A decision on whether GCSE and A-level exams will go ahead next summer will be announced later.
There have already been strong indications that GCSE exams will be replaced by grades based on coursework and assessments.
Two recent sets of recommendations to Education Minister Kirsty Williams said either all or some exams at A-level should also be cancelled.
It comes amid ongoing disruption to schools as a result of coronavirus.
There is also concern some pupils have faced more disruption than others.
Plaid Cymru called for a decision to be made quickly to remove anxiety.
Courses have already been modified because of the learning time lost over the summer term.
But since schools returned full-time in September, many pupils have had to self-isolate for a fortnight or more because of positive cases of Covid-19 in their "bubble".
Public Health Wales figures show 82% of secondary schools have registered at least one case since September.
This year's exams were cancelled after schools were closed in March, but the system of awarding "standardised" grades descended into chaos.
Ultimately the grades decided by schools and colleges were awarded.
Decisions on exams have already been announced elsewhere in the UK.
In Scotland, National 5 exams - the equivalent to GCSEs - have been replaced by coursework and teacher assessments but Highers will go ahead.
Exams are still scheduled in England and Northern Ireland but they will be held later in the summer.
In its advice to Wales' education minister, regulator Qualifications Wales said there should be no GCSE exams this summer, with grades for both GCSE and AS-levels based on coursework and assessments set and marked by the exam board WJEC.
At A-level, it recommended one timetabled exam per subject, with a second opportunity for pupils to sit if they were self-isolating.
Coursework and set tasks would also be taken into account.
A separate report by an expert panel said all exams should be axed, with grades based on nationally agreed assessments done in schools and colleges.
Seventeen-year-old A-level student Cerys Harris from Rhyl has had to self-isolate for four weeks in total since September.
She lives with three family members who have been furloughed, so it has been "hard to find space around the house".
While under normal circumstances she would like to sit her exams, she thinks it would be best to cancel them because of the disruption.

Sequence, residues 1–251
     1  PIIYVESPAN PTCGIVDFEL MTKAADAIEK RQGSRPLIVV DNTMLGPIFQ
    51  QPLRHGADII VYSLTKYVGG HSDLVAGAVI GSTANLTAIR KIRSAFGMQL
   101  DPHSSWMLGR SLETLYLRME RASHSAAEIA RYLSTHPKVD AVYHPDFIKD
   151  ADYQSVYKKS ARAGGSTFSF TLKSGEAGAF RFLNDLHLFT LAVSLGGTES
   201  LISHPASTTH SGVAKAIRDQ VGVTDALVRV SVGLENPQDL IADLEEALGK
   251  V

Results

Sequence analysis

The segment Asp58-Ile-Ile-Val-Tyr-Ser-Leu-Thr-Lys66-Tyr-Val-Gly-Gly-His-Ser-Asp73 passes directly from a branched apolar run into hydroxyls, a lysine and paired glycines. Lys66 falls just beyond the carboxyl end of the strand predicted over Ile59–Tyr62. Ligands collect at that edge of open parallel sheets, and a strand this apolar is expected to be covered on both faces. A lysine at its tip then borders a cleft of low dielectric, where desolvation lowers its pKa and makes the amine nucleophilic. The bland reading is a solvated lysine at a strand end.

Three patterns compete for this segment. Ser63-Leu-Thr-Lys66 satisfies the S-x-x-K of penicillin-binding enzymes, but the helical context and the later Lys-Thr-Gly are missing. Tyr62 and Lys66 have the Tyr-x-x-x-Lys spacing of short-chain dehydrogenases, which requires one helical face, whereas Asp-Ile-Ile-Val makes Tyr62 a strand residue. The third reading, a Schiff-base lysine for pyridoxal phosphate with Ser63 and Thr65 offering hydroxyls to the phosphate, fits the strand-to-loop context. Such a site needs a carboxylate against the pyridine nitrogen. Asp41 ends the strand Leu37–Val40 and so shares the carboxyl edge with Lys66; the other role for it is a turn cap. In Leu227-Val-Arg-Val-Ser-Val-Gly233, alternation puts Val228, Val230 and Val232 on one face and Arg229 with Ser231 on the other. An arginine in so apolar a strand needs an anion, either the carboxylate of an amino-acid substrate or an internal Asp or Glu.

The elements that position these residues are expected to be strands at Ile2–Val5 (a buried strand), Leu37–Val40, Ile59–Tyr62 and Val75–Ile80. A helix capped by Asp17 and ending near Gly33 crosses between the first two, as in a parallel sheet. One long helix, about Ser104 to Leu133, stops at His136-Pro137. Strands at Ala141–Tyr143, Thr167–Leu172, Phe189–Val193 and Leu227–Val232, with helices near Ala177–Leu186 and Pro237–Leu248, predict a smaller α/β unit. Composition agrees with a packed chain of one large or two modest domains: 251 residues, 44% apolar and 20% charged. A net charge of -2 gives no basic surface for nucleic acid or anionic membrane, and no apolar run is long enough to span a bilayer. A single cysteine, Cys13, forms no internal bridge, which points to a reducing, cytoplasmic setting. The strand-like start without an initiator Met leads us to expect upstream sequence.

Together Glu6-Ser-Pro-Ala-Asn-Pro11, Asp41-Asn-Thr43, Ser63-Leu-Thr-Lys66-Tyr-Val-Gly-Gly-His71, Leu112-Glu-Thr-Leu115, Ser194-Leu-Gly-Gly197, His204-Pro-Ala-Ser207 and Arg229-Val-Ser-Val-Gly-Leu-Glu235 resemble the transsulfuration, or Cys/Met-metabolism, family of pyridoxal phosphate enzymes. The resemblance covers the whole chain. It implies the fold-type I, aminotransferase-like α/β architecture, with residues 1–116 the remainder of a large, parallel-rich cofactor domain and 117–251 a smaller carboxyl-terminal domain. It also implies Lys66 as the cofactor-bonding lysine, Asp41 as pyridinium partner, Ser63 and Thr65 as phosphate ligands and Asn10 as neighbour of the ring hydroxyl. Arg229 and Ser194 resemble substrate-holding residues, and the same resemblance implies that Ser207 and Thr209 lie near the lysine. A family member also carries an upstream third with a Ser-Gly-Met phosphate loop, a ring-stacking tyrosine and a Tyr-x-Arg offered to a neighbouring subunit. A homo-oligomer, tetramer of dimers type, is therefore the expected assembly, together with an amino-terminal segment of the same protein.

"It's been really worrying. It will be good to know what the decision is," she said.
"We've been told to think about our Ucas [university application] forms. It's hard to make a decision for the rest of your life not knowing if you're even sitting the exam."
Year 13 A-level student Jonathon Dawes, who studies at Coleg Cambria in Rhyl, said there was now "a disparity between so many young people."
"Some of my friends have been in every day, others have had to self-isolate for four weeks, sit at home and do virtual learning, it's put them behind on their classmates.
"If all the four nations do take different routes, ultimately it will leave young people advantaged and disadvantaged when moving on and applying for jobs," he said.
The NASUWT teaching union agrees exams cannot go ahead as normal for safety, but it is worried about the potential for a "massive increase" in teacher workload.
Its national official for Wales Neil Butler said there was a lot of work to be done in a short space of time and it would be "highly inappropriate" and "unfair and unwise" to place an extra burden on schools.
"Schools at the moment are having to work in extraordinary conditions, and they're struggling with that," he said.
"[It] must be done by the exam board and Qualifications Wales."
Eithne Hughes, director of the Association of School and College Leaders in Wales said exams could not go ahead as in 2019.
"We feel there is certainly merit in having a distinctive approach for Wales which recognises the expertise of our teachers.
"What we need is a B grade in a school in Llandudno needs to be the same as a B grade in Swansea - now that is not the job of individual teachers in those schools, that is the job of the regulator," she said.
Plaid Cymru's education spokeswoman Sian Gwenllian said a decision should be made quickly.
"The longer this is dragged out, the more uncertainty it brings to our learners, most of whom have already had a disrupted educational year, and many of whom are still experiencing the anxiety that comes from living through a global pandemic," she said.